Naboth: A Faithful Farmer in God’s Vineyard
Just under 2 weeks ago we were shocked by the news of a colleague’s sudden death.
Naboth Musa was only 23 years old, but had been a tremendous answer to prayer for the venerable Duya Bible Translation project. Most recently I had helped get him and his colleagues set up to record several books of the New Testament in Duya language ahead of a month of community testing, and he took to it surprisingly quickly.
Please, #pray for the family, friends, and colleagues of Naboth Musa, a member of the Duya translation team in #Nigeria, who died a few days ago. (In the attached photo he is wearing the checked shirt). He had only recently recorded Matthew, Galatians & Colossians on audio, pic.twitter.com/8qTP1gDKw9
— Wycliffe UK Prayer (@wycliffeuk_pray) February 28, 2018
In the photo above you can see Naboth with his Duya team-mates and their consultant and advisor Mark Gaddis.
It doesn’t really make sense to us. Baba Duya, the energetic 70-year-old who has spearheaded the translation work so far has been looking for young blood to give the project more energy and a chance of lasting after he is gone. Naboth came with that energy and passionate commitment which is actually rather rare, and an ability with computers which the Duya team badly needed. Why should God allow him to be taken away from us so swiftly after a freak accident with a generator?
The day before we heard the news – and just hours after Naboth had died – we were away from Jos and had listened to the previous week’s Sunday service from The Tron Church in Glasgow, looking at the last chapter of Deuteronomy. I don’t think I had noticed before how crazy too Moses’ death seemed. OK he was 120 but his body and mind were strong. And yet God chose NOT to allow Moses to enter the land, but to send a much less-equipped leader in, in the shape of Joshua. What was God playing at? Surely you need strong leadership and stability at a time of such major transition, and surely Moses could have set a good pattern for the people as they finally entered the promised land. But it was not God’s plan and Moses accepted that. Perhaps in a similar way then, it seems devastating to Naboth’s parents and siblings and wider family to lose him as a son and brother, and devastating to the project, but we must trust that God knows what he is doing.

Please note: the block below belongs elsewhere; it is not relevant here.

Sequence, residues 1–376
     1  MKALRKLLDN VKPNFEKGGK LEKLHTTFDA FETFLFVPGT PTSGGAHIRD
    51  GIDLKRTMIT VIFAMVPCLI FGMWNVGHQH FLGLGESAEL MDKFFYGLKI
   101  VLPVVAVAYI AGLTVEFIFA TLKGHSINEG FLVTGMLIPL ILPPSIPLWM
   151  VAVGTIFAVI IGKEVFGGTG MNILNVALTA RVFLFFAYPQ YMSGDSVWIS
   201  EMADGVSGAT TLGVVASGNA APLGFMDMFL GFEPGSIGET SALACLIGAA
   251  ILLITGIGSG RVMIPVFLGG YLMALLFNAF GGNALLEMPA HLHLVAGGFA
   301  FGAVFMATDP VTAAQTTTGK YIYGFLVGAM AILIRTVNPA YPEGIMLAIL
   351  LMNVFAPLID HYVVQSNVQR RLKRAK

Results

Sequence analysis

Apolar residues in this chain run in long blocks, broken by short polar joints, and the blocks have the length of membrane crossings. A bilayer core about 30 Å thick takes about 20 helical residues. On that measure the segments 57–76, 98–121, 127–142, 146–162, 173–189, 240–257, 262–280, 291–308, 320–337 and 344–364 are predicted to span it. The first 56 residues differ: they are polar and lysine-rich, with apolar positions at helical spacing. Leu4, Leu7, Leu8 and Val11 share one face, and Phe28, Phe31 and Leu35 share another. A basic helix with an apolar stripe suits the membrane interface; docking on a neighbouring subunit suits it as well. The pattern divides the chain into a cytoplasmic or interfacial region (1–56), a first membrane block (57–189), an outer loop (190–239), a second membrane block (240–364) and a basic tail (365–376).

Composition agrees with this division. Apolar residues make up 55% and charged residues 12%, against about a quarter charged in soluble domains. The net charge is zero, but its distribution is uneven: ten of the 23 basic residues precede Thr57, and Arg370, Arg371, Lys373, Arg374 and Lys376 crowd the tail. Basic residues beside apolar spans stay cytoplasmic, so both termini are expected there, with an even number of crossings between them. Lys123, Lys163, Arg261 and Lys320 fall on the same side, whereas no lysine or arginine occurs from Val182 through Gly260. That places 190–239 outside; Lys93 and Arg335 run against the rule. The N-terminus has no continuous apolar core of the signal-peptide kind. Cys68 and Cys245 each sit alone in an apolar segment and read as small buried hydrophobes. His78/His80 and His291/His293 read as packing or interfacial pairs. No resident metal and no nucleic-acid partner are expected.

Within hours of hearing the news, a group of us who knew and worked with Naboth had driven 3 hours west to Kwoi. There Mark (see above) had the duty of paying for the wood for the coffin before transporting it to Naboth’s village. It all happened so fast it was quite hard to get your head around. But mortuary costs are high and sudden ‘premature’ deaths like this cause significant unrest especially amongst the younger members of the community and so there’s a real pressure to hold the funeral and burial quickly.
We can only pray that God will not allow Naboth’s place to go unfilled, and that he will not allow the fear of witchcraft and curses to prevent others taking up his mantle. The day after the accident that eventually led to his death, Naboth was supposed to be at a meeting getting ready to test the translated scriptures in Duya villages. That testing is – we trust – continuing. We pray that many will hear the message clearly for the first time and gain the quiet confidence in Jesus’ love that led Naboth to be a worthy servant in God’s vineyard.
Here’s more in a blog post Remembering Naboth from Wycliffe UK. Today in a meeting of translation support staff we prayed for his family and heard of some promising people who might join the Duya team to fill Naboth’s shoes. Pray for wisdom for Baba Duya and others in choosing the right person, and pray for all the team to show a Godly attitude and devotion first and foremost to God’s kingdom.